This morning is an absolute paradox. For some reason I am more exhausted than normal, even though I went to bed last night at roughly 9:30 rather than my usual midnight timeframe. I am convinced that my body has a sweet spot of 5-6 hours of sleep, and anything over or under causes me to turn into a slug. I am hoping that as I digest this coffee that its sweet sweet caffeine lifts me out of this slump.
Hazy Shade of Neverwinter
Last night I really had nothing much going on, and do not have any real grouping options in Rift until tomorrow night, so with all the recent buzz surrounding it I figured I would fire up Neverwinter. Quite honestly I had not even booted the game since the day it released to the public, and had not actually played the game since before that. The game is “fun enough”, but for me at least it has lacked whatever spark makes me want to log in and play it.
I had left the game just long enough for the control scheme to feel awkward, but after a few minutes I was back acclimatized. Unfortunately it is not the kind of game you can play with a cat draped across your chest, or at least not play it successfully. As a result I didn’t last all that long in the title, before wandering off into something else. I have been trying to figure out exactly why this game is so lackluster to me, but others are loving it and consuming it completely.
Subscription is not a Barrier
I think I finally landed upon a nugget of thought. A subscription fee for an MMO has never been a barrier, or something that honestly gave me pause. Sure it did, when I first started playing these titles back with Everquest… but now that I am used to paying to play it is just one of those things I have come to expect from online gaming. For a whole segment of the gaming world, the subscription and box fees are real barriers to getting into the game and enjoying it.
As a result I am maybe somewhat falsely comparing Neverwinter to what has now become “premium” subscription games, or even “buy the box” titles. The real competitors with Neverwinter are the completely free games like Runes of Magic, that you can sign up on a website, download the client and never actually be forced to buy anything. When you narrow the scope down to only paying attention to the “absolutely free” games… it becomes super impressive.
No Egregious Pay Walls
What Neverwinter seems to give the player for nothing, is an extremely fluid experience with well crafted storyline, relatively solid classes, and no egregious pay walls restricting your field of play. You can get in and do essentially everything there is to do right now without obstacles standing in your way. Basically the game has taken a completely different approach to the free to play genre, in that it gives you a carrot instead of a stick. Namely that all of the options seem to give you something quicker, better or shinier for your coin rather than locking you out of functionalities.
I think this is the aspect of the game I have been missing all along when I played it or attempted to review it. I still do not think free to play is the “one true payment model”, but I think what Neverwinter is doing is a more equitable model than we have seen to date. The only problem is, the game introduces large swaths of “pay to win”, which is a concept that western audiences have claimed they do not want. But this is exactly what Neverwinter seems to be delivering, the ability to purchase astral diamonds and get nice gear in the process.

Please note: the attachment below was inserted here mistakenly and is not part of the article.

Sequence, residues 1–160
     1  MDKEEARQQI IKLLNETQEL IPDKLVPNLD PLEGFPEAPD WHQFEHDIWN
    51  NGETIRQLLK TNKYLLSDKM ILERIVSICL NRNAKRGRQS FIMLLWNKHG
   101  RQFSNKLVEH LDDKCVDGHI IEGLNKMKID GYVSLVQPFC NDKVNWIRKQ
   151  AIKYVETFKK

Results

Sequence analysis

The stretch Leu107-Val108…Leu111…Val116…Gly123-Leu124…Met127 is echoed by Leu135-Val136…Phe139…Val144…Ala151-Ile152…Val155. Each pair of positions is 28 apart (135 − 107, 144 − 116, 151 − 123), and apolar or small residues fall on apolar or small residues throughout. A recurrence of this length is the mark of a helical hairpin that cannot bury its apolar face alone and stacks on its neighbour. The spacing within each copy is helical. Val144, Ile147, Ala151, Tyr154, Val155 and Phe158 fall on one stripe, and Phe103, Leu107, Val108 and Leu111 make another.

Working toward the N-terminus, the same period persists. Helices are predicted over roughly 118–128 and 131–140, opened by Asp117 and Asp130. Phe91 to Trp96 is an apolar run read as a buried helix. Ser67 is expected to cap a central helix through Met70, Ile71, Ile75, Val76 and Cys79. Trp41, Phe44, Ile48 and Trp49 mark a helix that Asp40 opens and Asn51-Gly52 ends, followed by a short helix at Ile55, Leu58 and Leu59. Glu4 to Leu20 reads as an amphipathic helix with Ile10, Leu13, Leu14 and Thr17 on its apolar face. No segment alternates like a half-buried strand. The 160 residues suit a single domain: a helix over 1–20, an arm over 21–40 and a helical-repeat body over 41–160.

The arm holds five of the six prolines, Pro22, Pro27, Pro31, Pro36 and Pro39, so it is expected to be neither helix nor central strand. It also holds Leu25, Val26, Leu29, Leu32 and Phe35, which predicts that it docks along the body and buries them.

To Infinity Steppes and Beyond
As I said earlier, I really did not spend a lot of time last night in Neverwinter. I had a cat that was trying to “aggressively snuggle” and quite honestly the game just leaves me nonplussed overall. I logged back into familiar and happy Rift to work a bit on the Steppes of Infinity. Earlier in the weekend I had unlocked the daily quest content in Ashora, which is good for at least 10 plat per day for some really easy questing. I had hoped to do the same out in the Steppes for maybe an easy 20+ plat per day.
The quest chain overall was far harder to solo than the one in Ashora, and involved a relatively difficult boss fight. I truly do mean a boss, because it uses all the same kind of tactics that the bosses do in dungeons. While this was nowhere near the difficulty of the Gatekeeper fight in The Secret World, I feel like it would definitely give a similar “right of passage” feel for Rift, based on the level 60 boss encounters I have experiences in dungeons. The quest chain as a whole sets the player up for what to expect from later game content in general.
All this while I am struggling to stay awake, because after the weekend we had I was just exhausted all day yesterday. Before I gave in to sleep however, I was able to finish out gathering the 300 plat for my 130% speed mount. I wound up getting the Grey Ursin, because of the non-armored varieties I felt that was the nicest. Above is a quick picture I snapped before finally falling asleep of me on the new mount. Unfortunately I mostly purchased the mount for the overall mount speed boost… and am likely to never ride it. I like my Hellbug, White Tiger and Flaming Horse far too much to ride the angry looking bear.
Needing to wrap up once again, as I am out of coffee and need to consider moving onwards to work. I will be in training all day which will be the opposite of fun. I hope you all have an amazing day out there. I am going to work on not falling asleep in a boring training presentation.